At one point tonight, I was listening to a song from 1923, played by a drummer born in 1935, with a pianist and bassist both about half the age of the drummer. It was the Tootie Heath Trio playing James P. Johnson’s “The Charleston” in a concert presented by Ars Nova Workshop at the Philadelphia Art Alliance. I felt like the whole history of jazz was vibrantly alive before my eyes and ears.
With Tootie on drums, Ethan Iverson at the piano, and Ben Street on bass, the group offered much musical joy. Heath, a historic figure with a jaw- dropping discography, is truly a percussionist, not a drummer – there was some amazing tambourine playing tonight. The variety of colors, the endlessly imaginative ways of marking the ends of phrases, and the deeply swinging time – all this was combined with a wit alert to everything happening around him. Tootie also offered some remarks, including indescribable tall tales of growing up in Philadelphia, and various deliciously bad jokes.
It was fascinating to hear Iverson in a context more straight-ahead than that of The Bad Plus, the trio where he is most often heard. There were still Iversonian elements: the Monk influence; the preference for understatement; the absence of empty or rote flourishes; the strategy of sequencing a melodic cell regardless of the harmonic consequences – and then magically leading those consequences to a perfectly logical, albeit unexpected goal. His playing was also admirable simply as piano playing for its variety of colors, created with a variety of playing techniques: flat-tish fingers clinging to the keys for delicate nuances (as in a very touching “Memories of You”), more curved, pointed fingers for shouting passages.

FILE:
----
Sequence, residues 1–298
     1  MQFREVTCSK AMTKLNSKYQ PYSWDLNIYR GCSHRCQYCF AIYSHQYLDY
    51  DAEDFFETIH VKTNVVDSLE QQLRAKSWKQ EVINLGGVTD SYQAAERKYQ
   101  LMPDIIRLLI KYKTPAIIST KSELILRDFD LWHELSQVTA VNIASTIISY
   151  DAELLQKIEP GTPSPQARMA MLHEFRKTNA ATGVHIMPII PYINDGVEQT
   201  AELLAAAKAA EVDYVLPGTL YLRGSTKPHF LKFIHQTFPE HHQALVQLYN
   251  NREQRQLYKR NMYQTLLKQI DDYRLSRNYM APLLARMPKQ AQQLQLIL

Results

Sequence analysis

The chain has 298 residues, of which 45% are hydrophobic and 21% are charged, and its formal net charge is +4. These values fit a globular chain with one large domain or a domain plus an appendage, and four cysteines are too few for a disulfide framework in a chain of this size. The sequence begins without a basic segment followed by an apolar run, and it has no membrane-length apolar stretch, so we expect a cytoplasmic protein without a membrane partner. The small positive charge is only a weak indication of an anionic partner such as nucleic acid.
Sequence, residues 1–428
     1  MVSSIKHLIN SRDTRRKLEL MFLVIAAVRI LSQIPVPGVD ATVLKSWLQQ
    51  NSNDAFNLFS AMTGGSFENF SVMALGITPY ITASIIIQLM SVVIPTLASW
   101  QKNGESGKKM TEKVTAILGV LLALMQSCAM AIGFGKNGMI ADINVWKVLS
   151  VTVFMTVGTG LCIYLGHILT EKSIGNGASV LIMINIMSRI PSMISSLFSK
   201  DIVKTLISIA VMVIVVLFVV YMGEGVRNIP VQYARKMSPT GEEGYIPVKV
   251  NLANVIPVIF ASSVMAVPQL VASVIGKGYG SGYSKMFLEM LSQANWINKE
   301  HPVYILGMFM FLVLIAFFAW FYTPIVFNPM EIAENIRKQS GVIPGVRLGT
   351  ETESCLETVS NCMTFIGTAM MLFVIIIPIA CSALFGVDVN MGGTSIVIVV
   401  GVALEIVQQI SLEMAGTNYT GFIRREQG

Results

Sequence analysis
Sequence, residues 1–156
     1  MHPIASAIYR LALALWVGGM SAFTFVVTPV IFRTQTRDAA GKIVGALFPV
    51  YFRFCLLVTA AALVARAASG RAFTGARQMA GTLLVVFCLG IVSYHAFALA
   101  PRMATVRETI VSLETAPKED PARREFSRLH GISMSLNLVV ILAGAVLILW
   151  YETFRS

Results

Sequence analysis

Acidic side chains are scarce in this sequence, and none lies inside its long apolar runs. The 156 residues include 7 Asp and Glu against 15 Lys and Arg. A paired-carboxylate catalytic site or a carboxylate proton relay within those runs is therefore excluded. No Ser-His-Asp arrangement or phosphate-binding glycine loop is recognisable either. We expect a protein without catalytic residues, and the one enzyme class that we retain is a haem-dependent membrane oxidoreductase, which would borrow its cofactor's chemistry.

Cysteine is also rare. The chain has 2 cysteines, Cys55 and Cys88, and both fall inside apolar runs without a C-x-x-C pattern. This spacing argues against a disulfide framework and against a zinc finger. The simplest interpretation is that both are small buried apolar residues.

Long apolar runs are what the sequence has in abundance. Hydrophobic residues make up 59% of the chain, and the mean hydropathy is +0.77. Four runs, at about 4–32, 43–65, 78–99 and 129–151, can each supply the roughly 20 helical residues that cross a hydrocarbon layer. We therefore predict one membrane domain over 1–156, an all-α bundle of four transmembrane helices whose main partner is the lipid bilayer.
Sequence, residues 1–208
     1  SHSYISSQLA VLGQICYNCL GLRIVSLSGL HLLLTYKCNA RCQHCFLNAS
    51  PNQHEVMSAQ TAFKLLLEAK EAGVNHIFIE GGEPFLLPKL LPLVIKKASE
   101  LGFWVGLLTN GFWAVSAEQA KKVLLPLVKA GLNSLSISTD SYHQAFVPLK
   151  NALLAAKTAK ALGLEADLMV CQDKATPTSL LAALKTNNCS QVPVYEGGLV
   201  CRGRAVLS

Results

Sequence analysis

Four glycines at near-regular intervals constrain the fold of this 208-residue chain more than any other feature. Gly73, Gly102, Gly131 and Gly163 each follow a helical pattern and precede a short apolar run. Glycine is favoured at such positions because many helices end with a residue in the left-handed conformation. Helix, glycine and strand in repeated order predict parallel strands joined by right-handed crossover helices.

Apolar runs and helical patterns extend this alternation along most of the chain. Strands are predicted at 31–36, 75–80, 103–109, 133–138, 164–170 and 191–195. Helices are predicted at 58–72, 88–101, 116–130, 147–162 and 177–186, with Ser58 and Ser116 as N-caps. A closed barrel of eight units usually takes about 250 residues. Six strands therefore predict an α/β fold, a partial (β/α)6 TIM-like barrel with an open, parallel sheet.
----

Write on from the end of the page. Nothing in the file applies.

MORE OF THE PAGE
I must admit I was paying most attention to Heath and Iverson, but I was struck by the warmth of Ben Street’s sound, enriched at times by elegantly executed double stops or pizz tremolo.
Iverson announced that the trio would be recording again in the next few days – that disc is instantly on my wish list.